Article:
Health Study of Fifth Graders Finds Significant Racial and Ethnic Disparities

Dr. Mark Schuster was the lead author of a study that looked at inequities in health among 5,119 randomly selected fifth-graders attending public schools in and around Birmingham, Ala., Houston and Los Angeles.

The study found significant racial and ethnic disparities - many of them tied to poverty - in factors that determined children's health.

For example, black and Latino children were much less likely than white children to wear seat belts or bike helmets and reported a significantly lower level of physical activity.

"When I think of health, I don't just think of healthcare," said Schuster, chief of the division of general pediatrics and vice chair for health policy in the department of medicine at Boston Children's Hospital. "I think of any factors that affect health."

As a physician, Schuster regularly talks about the importance of seat belts and bike helmets with his patients, but he can't make them comply.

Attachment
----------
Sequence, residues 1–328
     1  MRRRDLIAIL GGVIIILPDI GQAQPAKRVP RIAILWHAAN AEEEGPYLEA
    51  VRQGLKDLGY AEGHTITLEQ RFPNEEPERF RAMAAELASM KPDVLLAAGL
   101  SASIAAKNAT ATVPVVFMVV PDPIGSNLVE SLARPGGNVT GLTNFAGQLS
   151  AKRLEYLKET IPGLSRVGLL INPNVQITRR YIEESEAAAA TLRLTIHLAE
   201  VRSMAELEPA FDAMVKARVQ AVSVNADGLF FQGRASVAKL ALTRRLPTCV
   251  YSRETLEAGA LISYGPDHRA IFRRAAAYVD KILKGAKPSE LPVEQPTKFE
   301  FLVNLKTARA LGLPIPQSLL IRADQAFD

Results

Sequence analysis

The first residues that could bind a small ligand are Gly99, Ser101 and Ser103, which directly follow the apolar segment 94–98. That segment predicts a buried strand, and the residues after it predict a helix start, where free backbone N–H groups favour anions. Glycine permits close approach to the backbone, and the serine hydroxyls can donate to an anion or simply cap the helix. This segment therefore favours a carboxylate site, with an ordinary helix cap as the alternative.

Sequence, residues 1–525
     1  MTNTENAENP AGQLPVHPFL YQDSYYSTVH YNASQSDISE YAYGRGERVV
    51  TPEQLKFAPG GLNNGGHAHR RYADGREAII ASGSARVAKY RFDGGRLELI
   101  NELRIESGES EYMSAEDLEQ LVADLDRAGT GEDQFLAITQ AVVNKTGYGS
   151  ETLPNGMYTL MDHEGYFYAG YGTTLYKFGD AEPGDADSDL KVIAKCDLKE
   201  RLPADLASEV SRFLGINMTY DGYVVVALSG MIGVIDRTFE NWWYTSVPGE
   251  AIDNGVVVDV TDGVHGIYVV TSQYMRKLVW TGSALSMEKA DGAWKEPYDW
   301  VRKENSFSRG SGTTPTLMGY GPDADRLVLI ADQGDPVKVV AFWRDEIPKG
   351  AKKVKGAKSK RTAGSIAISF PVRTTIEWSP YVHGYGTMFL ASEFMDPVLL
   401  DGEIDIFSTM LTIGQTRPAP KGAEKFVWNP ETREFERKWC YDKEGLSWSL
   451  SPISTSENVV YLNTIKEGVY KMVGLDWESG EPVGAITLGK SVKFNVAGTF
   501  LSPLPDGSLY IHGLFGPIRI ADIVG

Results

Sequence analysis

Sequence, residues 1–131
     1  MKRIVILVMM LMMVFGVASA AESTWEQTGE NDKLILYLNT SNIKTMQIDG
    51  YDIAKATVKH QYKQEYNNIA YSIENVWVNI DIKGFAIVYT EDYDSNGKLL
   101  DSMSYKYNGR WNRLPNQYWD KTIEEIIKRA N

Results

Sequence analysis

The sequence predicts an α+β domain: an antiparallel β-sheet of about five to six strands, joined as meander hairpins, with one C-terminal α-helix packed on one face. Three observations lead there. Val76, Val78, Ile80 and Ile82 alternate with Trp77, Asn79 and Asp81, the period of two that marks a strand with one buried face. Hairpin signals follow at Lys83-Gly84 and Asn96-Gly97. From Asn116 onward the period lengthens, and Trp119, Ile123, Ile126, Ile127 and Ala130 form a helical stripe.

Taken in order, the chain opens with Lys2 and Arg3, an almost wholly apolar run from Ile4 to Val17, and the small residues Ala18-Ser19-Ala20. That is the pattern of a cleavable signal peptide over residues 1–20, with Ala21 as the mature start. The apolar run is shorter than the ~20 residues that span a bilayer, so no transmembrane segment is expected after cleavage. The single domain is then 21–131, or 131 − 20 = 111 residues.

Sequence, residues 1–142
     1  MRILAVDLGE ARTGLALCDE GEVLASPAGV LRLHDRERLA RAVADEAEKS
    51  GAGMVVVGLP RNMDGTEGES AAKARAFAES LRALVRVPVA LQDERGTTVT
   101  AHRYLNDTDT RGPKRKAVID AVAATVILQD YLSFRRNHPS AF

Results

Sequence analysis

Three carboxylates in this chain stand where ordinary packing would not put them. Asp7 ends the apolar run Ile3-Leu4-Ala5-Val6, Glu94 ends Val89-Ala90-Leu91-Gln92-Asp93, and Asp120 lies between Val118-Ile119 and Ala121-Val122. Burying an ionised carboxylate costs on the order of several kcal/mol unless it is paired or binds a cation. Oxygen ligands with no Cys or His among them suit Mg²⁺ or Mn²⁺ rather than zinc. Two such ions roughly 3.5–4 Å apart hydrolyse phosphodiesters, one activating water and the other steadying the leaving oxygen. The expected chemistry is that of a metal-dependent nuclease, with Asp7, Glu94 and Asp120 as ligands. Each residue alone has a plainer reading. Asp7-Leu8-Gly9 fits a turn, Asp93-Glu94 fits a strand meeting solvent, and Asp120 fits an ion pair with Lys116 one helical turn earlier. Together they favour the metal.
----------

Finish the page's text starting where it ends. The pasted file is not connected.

"If everyone had access to healthcare and to well visits and to preventive care, I would hope that there would be some improvements to these kinds of indicators," Schuster said. "But I don't want to suggest the pediatrician is the major player in whether kids wear seat belts, whether they wear bike helmets."

Schuster and other experts say these "social determinants" of health are a critical component, perhaps even more important than health care or health insurance. Many of these health issues are discussed in the I-News at Rocky Mountain PBS special report Losing Ground.

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